|WARNER BROS. |
Jackie Earle Haley portrays Freddy Krueger in New Line Cinema's horror film "A Nightmare On Elm Street."
After Michael Bay's Platinum Dunes production company made new versions of "Friday the 13th" and "The Texas Chainsaw Massacre," along with lesser known horror flicks like "The Amityville Horror" and "The Hitcher," and Rob Zombie tackled "Halloween," it was inevitable that Bay and friends would take a walk down Elm Street.
In many ways, remaking Freddy Krueger is a much more difficult task than Jason Voorhees, Michael Myers or Leatherface. Freddy is a character with a personality, with a single actor (Robert Englund) associated with the role. The others are unspeaking, masked psycopaths portrayed, in many cases, by stuntmen.
So for the 2010 version of "A Nightmare on Elm Street," the producers found themselves an Oscar nominee in Jackie Earle Haley ("Little Children," 2006; he's also known as Rorschach from last year's "Watchmen").
Over the course of many sequels, including a showdown with Mr. Voorhees ("Freddy vs. Jason," 2003), Freddy lost the fright factor. He became a clown, spitting out corny one-liners with a face that looked like a pepperoni pizza.
Haley offers a darker, meaner take on the iconic character. Some ambiguity regarding Freddy's past creates a mystery that wasn't present the first time around.
Purists might miss the humor, but you don't hire an actor of Haley's caliber to make him do a Robert Englund impression.
Haley easily is the best thing the movie has going for it. The problem is that, by his nature (he exists only in his victims dreams), Freddy doesn't get a lot of screen time. So we're left with a group of personality-lacking teenagers, most of whom you know will end up dead. You just have to hope the correct characters survive and that those who die do so in creative fashion.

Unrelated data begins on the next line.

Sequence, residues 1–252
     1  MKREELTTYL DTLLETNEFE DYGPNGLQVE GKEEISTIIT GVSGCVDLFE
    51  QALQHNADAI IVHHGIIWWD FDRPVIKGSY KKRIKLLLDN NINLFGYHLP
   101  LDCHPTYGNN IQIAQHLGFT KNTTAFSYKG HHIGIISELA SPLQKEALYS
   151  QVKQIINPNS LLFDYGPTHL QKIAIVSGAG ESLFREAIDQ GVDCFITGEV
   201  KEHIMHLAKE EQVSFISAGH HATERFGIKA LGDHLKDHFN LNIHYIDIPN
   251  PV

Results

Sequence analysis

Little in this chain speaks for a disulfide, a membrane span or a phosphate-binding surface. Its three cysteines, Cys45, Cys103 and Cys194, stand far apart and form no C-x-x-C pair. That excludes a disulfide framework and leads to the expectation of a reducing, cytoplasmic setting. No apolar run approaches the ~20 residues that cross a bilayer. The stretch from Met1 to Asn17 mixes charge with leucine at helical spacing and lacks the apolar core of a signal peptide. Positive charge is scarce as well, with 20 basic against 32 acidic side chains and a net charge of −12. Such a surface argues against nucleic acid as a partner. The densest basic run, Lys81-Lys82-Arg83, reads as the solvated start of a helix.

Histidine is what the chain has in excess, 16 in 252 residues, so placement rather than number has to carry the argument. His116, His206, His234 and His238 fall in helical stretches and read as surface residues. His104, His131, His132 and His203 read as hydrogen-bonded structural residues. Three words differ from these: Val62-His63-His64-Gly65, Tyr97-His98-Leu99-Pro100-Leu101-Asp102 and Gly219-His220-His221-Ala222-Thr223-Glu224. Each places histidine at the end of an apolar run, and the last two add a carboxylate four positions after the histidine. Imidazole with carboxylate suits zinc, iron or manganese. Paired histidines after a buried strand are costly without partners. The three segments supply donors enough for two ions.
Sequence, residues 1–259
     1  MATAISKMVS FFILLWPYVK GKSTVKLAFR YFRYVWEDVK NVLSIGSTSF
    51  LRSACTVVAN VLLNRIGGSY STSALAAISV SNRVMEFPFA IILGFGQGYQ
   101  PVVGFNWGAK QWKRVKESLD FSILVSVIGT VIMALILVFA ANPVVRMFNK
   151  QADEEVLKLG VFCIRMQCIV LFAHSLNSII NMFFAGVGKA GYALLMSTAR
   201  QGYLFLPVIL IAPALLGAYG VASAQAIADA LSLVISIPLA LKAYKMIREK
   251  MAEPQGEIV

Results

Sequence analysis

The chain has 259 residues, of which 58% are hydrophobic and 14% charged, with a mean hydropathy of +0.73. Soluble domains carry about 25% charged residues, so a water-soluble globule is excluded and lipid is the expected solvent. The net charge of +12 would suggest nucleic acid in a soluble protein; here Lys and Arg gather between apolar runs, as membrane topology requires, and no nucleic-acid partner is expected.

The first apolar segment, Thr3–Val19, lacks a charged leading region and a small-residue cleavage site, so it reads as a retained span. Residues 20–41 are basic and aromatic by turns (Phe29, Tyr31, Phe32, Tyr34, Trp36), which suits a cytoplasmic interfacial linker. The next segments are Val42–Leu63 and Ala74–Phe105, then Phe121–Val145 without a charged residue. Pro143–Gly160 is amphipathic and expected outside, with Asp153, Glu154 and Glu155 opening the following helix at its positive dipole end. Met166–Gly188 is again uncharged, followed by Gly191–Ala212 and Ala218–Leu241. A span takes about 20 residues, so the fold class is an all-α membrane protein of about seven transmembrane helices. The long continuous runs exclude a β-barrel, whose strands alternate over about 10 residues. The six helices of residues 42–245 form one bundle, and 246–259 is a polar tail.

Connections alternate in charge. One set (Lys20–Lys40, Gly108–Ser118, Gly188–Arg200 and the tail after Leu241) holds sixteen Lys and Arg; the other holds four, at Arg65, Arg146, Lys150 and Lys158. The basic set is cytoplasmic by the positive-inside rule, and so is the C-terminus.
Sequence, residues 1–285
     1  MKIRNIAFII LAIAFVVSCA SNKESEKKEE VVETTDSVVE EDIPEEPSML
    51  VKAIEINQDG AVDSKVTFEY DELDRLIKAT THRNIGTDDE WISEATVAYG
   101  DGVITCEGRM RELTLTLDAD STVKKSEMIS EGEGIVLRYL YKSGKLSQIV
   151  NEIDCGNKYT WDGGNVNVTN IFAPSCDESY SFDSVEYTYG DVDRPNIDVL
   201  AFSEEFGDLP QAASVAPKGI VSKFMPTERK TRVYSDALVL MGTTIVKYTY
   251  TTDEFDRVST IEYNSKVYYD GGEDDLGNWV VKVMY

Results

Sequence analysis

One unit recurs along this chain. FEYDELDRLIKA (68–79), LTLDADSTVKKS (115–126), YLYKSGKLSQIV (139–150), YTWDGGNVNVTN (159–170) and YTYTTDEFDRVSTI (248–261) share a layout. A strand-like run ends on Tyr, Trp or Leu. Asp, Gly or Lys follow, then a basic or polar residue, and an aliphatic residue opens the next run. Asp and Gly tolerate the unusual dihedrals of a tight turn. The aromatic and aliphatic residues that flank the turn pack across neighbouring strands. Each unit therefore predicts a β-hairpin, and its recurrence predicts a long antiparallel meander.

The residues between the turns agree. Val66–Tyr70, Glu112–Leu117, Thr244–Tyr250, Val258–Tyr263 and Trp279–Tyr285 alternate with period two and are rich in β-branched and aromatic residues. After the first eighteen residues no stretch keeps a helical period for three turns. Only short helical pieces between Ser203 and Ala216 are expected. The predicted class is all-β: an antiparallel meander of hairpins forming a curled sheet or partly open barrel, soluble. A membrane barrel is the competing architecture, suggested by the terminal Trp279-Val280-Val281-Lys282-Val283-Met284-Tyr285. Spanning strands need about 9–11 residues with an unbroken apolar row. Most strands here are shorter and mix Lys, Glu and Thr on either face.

The movie, directed by Samuel Bayer, who comes from the world of music videos, kind of gets it right, though the most interesting death scene is straight out of the original film.
The young cast does the best it can, I suppose. Kyle Gallner, for reasons not quite apparent, has become a go-to guy for horror movies, previously appearing in "A Haunting in Connecticut" and "Jennifer's Body" (which is actually more unintentional comedy than horror).
One wonders if this movie will become the answer to a trivia question for any of its actors like the first one is for Johnny Depp.
Greg's Grade: C
(Rated R for strong bloody horror violence, disturbing images, terror and language. 95 minutes.)